Recently, an episode on Unsolved Mysteries aired on BBC2. The story was not compelling in the way Jekyll and Hyde (or David Copperfield), or Inspector Morse, or Timewatch might be, but I listened to it for the scenery. It might just have been the nostalgia of listening to, say, The In the Cut – where shots could be heard as fuses exploded off the building in the early 90s – but I found it pretty impressive that, at this late stage in life, a show like Unsolved Mysteries still exists. In fact, it’s still around. Hosted by Adam Williams, who is best known for his shows on the History Channel, the show runs in two parts. This week I was reminded just why it is still doing well – for the thrill of something genuinely chilling, something unexplained.
And it wasn’t the first time a show about bizarre phenomena has become a “must-listen”. Here are the others:
1. Manson’s Family by David Cay Johnston
Johnston is a Pulitzer prize-winning journalist who has written several bestselling books about John McCluskey, the man who escaped from jail and who has since murdered women in Arizona and Colorado. This podcast detailed John McCluskey’s true story, replete with the details of the escape from prison, the subsequent murders of several women, and the law enforcement’s inept attempts to catch him. All those details were made more compelling by the fact that Johnston’s journalism background made it more realistic, and less unbelievable than other so-called true crime podcasts. This is the kind of podcast that would make me want to read a book about murder when I had a spare hour.
2. True Detective: The Red Room by Laura Miller
“Despite its often ethereal connotations,” warned the LA Times, “the show is prone to grotesque flashes of violence.” True Detective: The Red Room (a promo for which shows its creator, Nic Pizzolatto, with facial hair and a red shirt), is a podcast that delves into a gruesome crime. Set in the middle of Louisiana bayou, it’s a tale of a serial killer who preyed on women wearing red shirts, and then shot them dead in peculiar ways. This was the kind of podcast that made me feel sick at the thought of real people eating mud, or going naked around necked men – and, judging by the outcry, a good bit of the audience agreed.
3. 10/4 Yard Where They Found Paul and Heather’s Body by Andrew Van Necke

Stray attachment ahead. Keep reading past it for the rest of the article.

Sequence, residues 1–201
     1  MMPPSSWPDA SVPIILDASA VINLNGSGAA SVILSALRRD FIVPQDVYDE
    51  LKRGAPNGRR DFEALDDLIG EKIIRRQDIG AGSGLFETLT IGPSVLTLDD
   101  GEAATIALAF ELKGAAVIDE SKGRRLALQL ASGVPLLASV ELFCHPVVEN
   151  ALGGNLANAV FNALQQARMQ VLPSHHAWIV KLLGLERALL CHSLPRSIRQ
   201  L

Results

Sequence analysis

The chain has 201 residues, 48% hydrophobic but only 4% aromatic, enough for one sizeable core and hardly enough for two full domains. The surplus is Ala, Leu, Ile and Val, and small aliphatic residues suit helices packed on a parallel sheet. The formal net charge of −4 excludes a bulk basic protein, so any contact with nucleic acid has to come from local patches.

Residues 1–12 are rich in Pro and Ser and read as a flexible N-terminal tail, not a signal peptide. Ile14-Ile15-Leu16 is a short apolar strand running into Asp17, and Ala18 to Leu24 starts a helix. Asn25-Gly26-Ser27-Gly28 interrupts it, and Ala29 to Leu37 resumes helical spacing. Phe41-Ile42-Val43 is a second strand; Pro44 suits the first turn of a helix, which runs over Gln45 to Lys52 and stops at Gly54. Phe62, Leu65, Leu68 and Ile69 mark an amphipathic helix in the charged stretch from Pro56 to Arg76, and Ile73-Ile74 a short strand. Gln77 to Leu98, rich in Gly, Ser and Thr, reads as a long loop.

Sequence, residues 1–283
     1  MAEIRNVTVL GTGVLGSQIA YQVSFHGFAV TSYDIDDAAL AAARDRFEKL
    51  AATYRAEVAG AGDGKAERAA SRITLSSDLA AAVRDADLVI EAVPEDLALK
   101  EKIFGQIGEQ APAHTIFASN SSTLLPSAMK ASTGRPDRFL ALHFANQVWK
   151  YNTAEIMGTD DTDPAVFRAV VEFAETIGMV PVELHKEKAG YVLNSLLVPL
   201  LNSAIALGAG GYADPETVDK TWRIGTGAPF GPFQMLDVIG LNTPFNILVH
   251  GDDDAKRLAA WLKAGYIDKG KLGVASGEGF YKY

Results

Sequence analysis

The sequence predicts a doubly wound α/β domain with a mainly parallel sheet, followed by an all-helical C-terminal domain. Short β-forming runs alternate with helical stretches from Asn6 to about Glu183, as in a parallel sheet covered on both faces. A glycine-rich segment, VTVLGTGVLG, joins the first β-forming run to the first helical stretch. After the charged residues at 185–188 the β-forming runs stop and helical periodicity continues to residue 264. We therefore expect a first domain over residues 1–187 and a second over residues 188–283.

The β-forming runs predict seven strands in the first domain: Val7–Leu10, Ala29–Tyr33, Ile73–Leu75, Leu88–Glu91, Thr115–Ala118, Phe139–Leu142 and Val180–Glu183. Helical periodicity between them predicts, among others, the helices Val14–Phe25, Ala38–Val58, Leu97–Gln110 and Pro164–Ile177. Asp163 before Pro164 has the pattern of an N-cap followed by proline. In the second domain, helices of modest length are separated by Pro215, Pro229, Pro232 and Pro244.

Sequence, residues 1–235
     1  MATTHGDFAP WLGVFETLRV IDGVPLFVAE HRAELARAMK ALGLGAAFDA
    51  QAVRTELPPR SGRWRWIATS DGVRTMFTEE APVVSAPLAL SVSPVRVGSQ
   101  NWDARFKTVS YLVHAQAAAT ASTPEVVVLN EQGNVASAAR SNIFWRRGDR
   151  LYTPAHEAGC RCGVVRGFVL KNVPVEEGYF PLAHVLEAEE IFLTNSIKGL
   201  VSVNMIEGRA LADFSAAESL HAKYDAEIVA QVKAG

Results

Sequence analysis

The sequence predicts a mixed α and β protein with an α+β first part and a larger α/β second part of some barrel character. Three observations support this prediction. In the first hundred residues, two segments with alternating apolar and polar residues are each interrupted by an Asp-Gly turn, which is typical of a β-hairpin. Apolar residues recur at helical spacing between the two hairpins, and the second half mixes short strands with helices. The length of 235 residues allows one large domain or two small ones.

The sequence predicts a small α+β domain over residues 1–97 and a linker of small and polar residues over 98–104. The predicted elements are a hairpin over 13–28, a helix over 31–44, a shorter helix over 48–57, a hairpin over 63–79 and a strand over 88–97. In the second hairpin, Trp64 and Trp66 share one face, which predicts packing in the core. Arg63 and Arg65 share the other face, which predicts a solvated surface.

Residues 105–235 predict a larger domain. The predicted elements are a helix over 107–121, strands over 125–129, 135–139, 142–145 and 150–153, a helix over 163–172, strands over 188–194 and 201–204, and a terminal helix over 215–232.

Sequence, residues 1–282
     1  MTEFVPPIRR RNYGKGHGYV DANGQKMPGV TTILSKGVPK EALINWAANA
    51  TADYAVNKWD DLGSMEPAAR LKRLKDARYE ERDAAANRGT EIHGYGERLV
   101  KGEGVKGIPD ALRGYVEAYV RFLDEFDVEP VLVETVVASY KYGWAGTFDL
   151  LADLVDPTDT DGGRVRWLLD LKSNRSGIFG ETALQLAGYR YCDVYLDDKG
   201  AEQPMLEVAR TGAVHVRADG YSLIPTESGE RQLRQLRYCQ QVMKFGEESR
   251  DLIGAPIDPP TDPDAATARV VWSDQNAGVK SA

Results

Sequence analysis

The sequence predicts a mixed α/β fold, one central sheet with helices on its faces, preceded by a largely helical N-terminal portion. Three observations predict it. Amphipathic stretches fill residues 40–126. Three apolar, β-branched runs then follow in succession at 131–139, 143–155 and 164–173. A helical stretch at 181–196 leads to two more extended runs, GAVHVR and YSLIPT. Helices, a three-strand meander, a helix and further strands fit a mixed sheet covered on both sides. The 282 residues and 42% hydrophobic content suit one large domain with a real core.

The death of two teenagers who went missing in Los Angeles, and who were found murdered almost a year later in a warehouse close to Lake La Brea, shocked the country in 2011. A documentary, and now a podcast, covered the case which, according to the LA Times, contained “one of the most ludicrous and disturbing true-crime scenarios that a television news team has ever seen.” If you are ready to wade through internet myths (“What are those monsters’ eyes?”), are sick of watching shows about serial killers (The Killing), or would like to know more about a case that has been called one of the most bizarre murder investigations of all time, then this podcast is for you. But beware: even if you’re not the kind of person who has the attention span to spend an hour a day trawling through Reddit, the case is pretty gruesome.
4. Bite Me – Biography of a Serial Killer by Darren Holland
The lead up to the Serial podcast saw a hungry nation respond in part by biting, eating and even filming the podcast – whether intentionally or not. Of course, none of that was the question in Darren Holland’s Bite Me, but his podcast did try to answer the question. Three years after the death of Dale Grimble, an American, Hannibal Buress, was found guilty of killing his girlfriend in 2012. The podcast was often referred to as a sort of guilty pleasure, though this is a bit more misleading than it sounds. It examines the case from a completely new angle, with examples of behaviour that isn’t previously known by people close to the murder.
5. The Dead Girls Detective Agency by Ron Galella, Jr
Ron Galella Jr is a New York crime journalist who knows all the key players, and solved some of the world’s most notorious cases – witness Robert Durst’s dismemberment, for example. His podcasts, especially these copious ones, share with each other the thrill of the chase. But the podcast I listen to on a regular basis is maybe the weakest of the group.